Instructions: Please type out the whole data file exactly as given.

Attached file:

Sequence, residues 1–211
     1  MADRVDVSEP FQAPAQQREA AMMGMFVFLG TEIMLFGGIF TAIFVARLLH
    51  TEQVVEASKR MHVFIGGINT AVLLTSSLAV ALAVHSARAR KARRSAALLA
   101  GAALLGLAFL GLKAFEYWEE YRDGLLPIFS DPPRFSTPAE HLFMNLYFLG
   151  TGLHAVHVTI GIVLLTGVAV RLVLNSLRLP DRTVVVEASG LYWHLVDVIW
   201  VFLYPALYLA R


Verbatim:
Sequence, residues 1–211
     1  MADRVDVSEP FQAPAQQREA AMMGMFVFLG TEIMLFGGIF TAIFVARLLH
    51  TEQVVEASKR MHVFIGGINT AVLLTSSLAV ALAVHSARAR KARRSAALLA
   101  GAALLGLAFL GLKAFEYWEE YRDGLLPIFS DPPRFSTPAE HLFMNLYFLG
   151  TGLHAVHVTI GIVLLTGVAV RLVLNSLRLP DRTVVVEASG LYWHLVDVIW
   201  VFLYPALYLA R